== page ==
If, as I suggested, “spirituality” can refer to “what makes a person tick,” a teacher may do well to try to become more aware of his or her effective spirituality. A Christian teacher might consciously undertake to insure that “what makes him or her tick” even as a teacher is substantially influenced by his or her relationship with Jesus Christ. There is a difference between teachers who “tick” because they crave the recognition of colleagues and those who “tick” because they have come to a quiet conviction that in teaching they are doing God’s will.
Such teacher spirituality needs to be supported. At least, that is the realization and ardent desire of Christian administrators whose school mission resonates with the Church’s mission to teach and bring light to a confused and darkened world. For them, that support comes in programs of formation that help the teacher grow in Christian spirituality. These may include seminars on spirituality, lectures on Sacred Scripture, inputs on the doctrines of the Church, recollections, retreats and the like. They may be simple or very elaborate. But in the end it boils down to the spiritual activity of the individual teacher.
How does that old saying go? “You can lead a horse to water, but you can’t make him drink!” In the end only the teacher can reflect on what makes him or her tick; only the teacher can look at the Crucified Jesus in the eye and ask, “If this is what you have done for me, what have I done for you? What am I doing for you? What ought I do for you?” In the end, only the teacher can pray.
Where there is so much noise in a teacher’s life not only from rowdy students but from demanding administrators, competitive colleagues, endless papers for correction, frustrations in research, complications in outreach, and even the necessity in the end “to make ends meet,” the teacher needs quiet for prayer. In most schools, the chapel or church is there with its special Presence. But it is not easy to enter it really. Sometimes, for all of one’s many concerns, it is not easy to enter sacred space. And pray.
Sometimes, prayer leads to experiences of theophany. These are experiences of God revealing himself in our world. Today’s Feast of the Baptism of Jesus and its major scriptural readings are really about theophany – God’s revealing himself in our world. Jesus allows himself to be baptized by John; it is an act of humility in solidarity with sinful humanity yearning to be liberated from sin. This act ends in a theophany: “After Jesus was baptized, he came up from the water and behold, the heavens were opened for him, and he saw the Spirit of God descending like a dove and coming upon him. And a voice from the heavens saying, ‘This is my beloved Son, with whom I am well pleased” (Mt 3: 16-17). The importance of this passage is brought out beautifully by its complementary reading, “Here is my servant whom I uphold, my chosen one with whom I am pleased, upon whom I have put my spirit; he shall bring forth justice to the nations, not crying out, not shouting, not making his voice hear on the streets, a bruised reed he shall not break, and a smoldering wick he shall not quench, until he establishes justice on the earth…” (Is 42: 1-4, 6-7). The Lucan version of the Baptism ends with a command: “This is my beloved Son. Listen to him!”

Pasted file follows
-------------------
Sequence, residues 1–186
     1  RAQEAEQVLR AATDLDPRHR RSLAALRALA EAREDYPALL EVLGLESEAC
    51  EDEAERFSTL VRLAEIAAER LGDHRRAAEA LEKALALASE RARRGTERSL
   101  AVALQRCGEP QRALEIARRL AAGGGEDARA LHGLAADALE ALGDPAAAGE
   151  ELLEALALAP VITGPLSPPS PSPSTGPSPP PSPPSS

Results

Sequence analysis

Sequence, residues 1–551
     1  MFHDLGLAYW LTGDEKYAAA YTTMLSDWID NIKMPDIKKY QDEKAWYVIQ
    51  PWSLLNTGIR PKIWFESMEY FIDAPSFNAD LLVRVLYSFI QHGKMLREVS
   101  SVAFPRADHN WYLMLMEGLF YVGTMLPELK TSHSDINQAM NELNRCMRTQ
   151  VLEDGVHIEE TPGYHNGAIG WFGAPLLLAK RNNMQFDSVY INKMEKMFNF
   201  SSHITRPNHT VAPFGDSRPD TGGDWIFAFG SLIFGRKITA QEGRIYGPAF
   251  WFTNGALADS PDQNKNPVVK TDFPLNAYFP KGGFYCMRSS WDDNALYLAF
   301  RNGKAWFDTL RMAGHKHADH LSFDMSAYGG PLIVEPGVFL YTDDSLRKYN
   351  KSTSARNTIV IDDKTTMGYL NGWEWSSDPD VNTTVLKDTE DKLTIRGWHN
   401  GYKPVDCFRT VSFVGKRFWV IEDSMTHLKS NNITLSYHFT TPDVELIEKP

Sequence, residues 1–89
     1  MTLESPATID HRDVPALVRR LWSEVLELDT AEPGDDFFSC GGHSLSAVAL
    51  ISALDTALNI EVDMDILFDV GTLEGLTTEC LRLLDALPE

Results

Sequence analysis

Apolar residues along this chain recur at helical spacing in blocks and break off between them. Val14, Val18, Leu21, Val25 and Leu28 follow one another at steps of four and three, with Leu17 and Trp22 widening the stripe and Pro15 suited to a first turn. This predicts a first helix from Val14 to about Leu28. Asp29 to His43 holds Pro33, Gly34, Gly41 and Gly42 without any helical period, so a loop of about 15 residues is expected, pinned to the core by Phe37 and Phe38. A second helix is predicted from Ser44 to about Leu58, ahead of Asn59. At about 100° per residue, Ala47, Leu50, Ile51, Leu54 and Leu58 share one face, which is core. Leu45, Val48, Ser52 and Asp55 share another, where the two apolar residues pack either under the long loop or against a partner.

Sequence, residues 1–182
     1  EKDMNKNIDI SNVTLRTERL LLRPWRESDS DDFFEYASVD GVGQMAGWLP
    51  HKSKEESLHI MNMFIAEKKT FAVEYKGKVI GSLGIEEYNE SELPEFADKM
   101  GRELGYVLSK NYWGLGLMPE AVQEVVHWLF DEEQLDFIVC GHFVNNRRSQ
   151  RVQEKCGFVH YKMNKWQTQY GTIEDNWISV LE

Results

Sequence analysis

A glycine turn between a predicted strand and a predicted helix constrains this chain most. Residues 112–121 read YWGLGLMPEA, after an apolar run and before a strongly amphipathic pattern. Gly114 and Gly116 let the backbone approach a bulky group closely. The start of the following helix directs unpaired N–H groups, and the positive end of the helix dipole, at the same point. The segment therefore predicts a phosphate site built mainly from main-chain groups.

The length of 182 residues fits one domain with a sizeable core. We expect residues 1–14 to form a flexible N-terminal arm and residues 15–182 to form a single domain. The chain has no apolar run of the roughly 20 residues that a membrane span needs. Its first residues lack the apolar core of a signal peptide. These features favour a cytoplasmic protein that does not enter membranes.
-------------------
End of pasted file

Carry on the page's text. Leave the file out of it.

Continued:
If the Baptism of our Lord is really about Jesus coming into solidarity with sinners ultimately seeking liberation from sin, its meaning for teachers may be there: Jesus also comes in solidarity with teachers seeking liberation from sin, not only in their professional world, but in their personal life. In the subsequent theophany, the Father himself introduces his Son to the teacher: “This is my beloved Son. Listen to him.” The command is also an invitation: Listen to him because he has come “that they may have life, and have it more abundantly” (Jn 10.10).
Listen – despite all the noise around. Listen – despite the fear. Enter the sacred space, and allow God to reveal himself to you.
Actually that’s what whole Advent and Christmas season has been about: our waiting for God in neediness, and God’s theophany in his birth, in his Epiphany, and in his Baptism: “The Word was made flesh and dwelt among us” (Jn 1:14). Listen to him…!